Policy Coordination in Fiscal Federalism
Drawing Lessons From the Dubai Debt Crisis

Contributor Notes

Authors’ E-Mail Addresses: scevik@imf.org

Using the cyclically adjusted non-hydrocarbon primary balance, this paper investigates the evolution of the fiscal policy stance in the United Arab Emirates at consolidated and sub-national levels in the run-up and after the crisis. The empirical findings show that procyclical fiscal policies prior to the crisis reinforced the financial sector cycle, exacerbated the economic upswing, and thereby contributed to the build-up of macro-financial vulnerabilities. The paper also sets out policy lessons to develop a rule-based fiscal framework that would help strengthen fiscal policy coordination between the various layers of government and ensure long-term fiscal sustainability and a more equitable intergenerational distribution of wealth.

Abstract

Using the cyclically adjusted non-hydrocarbon primary balance, this paper investigates the evolution of the fiscal policy stance in the United Arab Emirates at consolidated and sub-national levels in the run-up and after the crisis. The empirical findings show that procyclical fiscal policies prior to the crisis reinforced the financial sector cycle, exacerbated the economic upswing, and thereby contributed to the build-up of macro-financial vulnerabilities. The paper also sets out policy lessons to develop a rule-based fiscal framework that would help strengthen fiscal policy coordination between the various layers of government and ensure long-term fiscal sustainability and a more equitable intergenerational distribution of wealth.

I. Introduction

Procyclical fiscal policies and the build-up of contingent liabilities during the boom years exacerbated the severity of the crisis. The crisis in the global financial system was a complex event with far-reaching consequences, especially in countries that had had expansionary fiscal policies and a build-up of contingent liabilities prior to the crisis. While the world economy is now in the recovery stage, the debate on the preponderant causes of the financial meltdown is still far from over. Given the unprecedented severity and complexity of the crisis, it would be misleading to put the entire onus on financial excesses and regulatory weaknesses and ignore the role of fundamental imbalances. The United Arab Emirates (U.A.E.)—a major hydrocarbon-exporting country with diversified sub-national economic structures—experienced its own unraveling of macro-financial imbalances and thus presents an interesting case to analyze the underlying fragilities.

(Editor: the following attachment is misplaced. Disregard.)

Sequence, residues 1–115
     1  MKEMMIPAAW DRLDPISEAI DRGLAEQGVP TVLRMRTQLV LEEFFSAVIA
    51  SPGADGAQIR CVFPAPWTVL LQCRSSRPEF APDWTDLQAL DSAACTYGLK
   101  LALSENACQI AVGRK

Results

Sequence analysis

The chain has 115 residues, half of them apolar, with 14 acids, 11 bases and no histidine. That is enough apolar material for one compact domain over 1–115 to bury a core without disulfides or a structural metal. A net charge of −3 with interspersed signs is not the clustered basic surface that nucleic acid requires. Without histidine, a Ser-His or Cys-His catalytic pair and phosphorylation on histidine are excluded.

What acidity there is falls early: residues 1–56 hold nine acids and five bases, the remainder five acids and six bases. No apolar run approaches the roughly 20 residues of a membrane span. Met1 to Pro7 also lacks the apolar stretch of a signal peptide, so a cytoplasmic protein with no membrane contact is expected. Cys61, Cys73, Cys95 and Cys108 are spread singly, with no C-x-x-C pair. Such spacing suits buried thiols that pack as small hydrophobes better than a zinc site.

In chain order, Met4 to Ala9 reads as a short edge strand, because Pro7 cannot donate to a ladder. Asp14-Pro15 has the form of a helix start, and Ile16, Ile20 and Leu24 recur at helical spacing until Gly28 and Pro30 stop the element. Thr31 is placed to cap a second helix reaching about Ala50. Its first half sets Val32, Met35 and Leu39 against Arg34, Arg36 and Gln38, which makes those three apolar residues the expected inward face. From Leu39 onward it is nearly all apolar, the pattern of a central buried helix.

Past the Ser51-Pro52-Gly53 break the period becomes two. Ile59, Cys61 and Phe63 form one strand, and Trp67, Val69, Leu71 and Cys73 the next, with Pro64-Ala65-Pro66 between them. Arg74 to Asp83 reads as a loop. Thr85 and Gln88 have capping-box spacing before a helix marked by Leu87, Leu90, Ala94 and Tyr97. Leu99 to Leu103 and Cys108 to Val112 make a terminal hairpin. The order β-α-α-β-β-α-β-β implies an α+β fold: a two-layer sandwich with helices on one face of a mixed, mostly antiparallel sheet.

Fiscal policies, in the absence of coordination among the emirates, complicated macroeconomic management at the federal level.1 Since the U.A.E. has a pegged exchange rate regime and consequently a limited scope to use monetary policy, the burden of macroeconomic stabilization falls on fiscal policy. On the contrary, procyclical fiscal policies prior to the crisis reinforced the “financial accelerator” effect, exacerbated the economic cycle, and thereby contributed to the build-up of economic and financial vulnerabilities in the U.A.E. With the global financial crisis, the bursting of the real estate bubble and the ensuing recession in Dubai also raised concerns over the sustainability of public finances, especially in light of the risks stemming from government-related enterprises (GREs). In addition to the contingent liabilities that contaminated the sovereign balance sheet, the crisis also revealed the predicament of implicit government guarantees—a manifestation of moral hazard in a federal system with an asymmetric distribution of resources—and the lack of policy coordination among various layers of government. While the empirical findings of this paper are directly relevant to macroeconomic policymaking in the U.A.E., they also provide pertinent insights about the importance of policy coordination in other federal fiscal systems—and monetary unions, as brought to light by the recent developments in Europe.